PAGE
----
In addition to profiling the unique structure and components of Write for Texas, the report presents information on the schools (more than 200 schools in more than 100 districts) and educators supported by the project. Highlights include frequency measures of classroom teaching routines and anecdotal evidence showing the positive influence Write for Texas coaches and materials have on staff development to improve academic reading and writing instruction in the secondary grades.
Now entering its third year, the program continues to grow its coaching cadre and designate more Write for Texas districts and schools seeking to develop teachers and students using instructional best practices.
For more information, download the 2015–2016 Write for Texas Annual Report or visit the Write for Texas website.
Making Middle School Matter Workshop set for January in Austin
October 26, 2016
The Middle School Matters Institute has partnered with the Texas Association of Secondary School Principals to host a conference on January 26 to 28 in Austin for middle grade administrators and educators.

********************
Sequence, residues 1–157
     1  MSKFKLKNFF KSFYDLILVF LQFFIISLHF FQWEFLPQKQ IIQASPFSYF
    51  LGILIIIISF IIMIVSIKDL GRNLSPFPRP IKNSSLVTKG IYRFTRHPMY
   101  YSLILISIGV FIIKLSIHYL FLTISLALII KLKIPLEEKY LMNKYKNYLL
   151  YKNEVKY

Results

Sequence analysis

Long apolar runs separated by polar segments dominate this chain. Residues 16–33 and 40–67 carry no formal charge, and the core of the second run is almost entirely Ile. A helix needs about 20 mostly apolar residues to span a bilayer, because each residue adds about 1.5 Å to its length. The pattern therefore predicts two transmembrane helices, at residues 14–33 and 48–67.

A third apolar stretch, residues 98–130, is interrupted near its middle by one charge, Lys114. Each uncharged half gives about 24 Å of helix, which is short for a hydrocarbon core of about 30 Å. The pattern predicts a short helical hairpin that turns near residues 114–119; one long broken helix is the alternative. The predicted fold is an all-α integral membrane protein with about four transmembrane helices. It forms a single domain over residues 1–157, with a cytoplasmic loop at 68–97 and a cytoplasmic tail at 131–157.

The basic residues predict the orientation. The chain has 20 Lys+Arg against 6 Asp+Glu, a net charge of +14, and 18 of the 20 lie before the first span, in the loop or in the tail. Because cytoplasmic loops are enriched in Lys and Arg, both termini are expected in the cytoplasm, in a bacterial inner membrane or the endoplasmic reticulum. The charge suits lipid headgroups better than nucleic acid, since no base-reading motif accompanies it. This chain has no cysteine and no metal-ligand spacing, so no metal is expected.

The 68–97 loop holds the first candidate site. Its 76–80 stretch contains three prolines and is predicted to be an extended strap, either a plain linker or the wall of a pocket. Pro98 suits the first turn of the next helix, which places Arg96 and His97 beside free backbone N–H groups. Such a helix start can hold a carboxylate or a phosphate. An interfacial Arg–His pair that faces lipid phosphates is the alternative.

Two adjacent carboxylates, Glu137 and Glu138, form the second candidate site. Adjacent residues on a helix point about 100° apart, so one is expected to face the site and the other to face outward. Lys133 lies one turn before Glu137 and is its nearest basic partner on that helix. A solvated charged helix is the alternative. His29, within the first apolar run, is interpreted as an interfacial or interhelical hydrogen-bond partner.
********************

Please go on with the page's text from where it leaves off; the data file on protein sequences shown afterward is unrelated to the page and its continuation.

Much like past Middle School Matters Institute conferences, the Making Middle School Matter Workshop will focus on research-based practices and strategies to implement in the classroom.
Attendees should expect a series of keynotes, breakout sessions, speed learning sessions, and time set aside for networking and planning.
Topics will include using early-warning indicator data to identify students at risk of dropping out; teaching students strategies to monitor their reading comprehension; enhancing learning through writing strategies; and measuring, monitoring, and managing important data.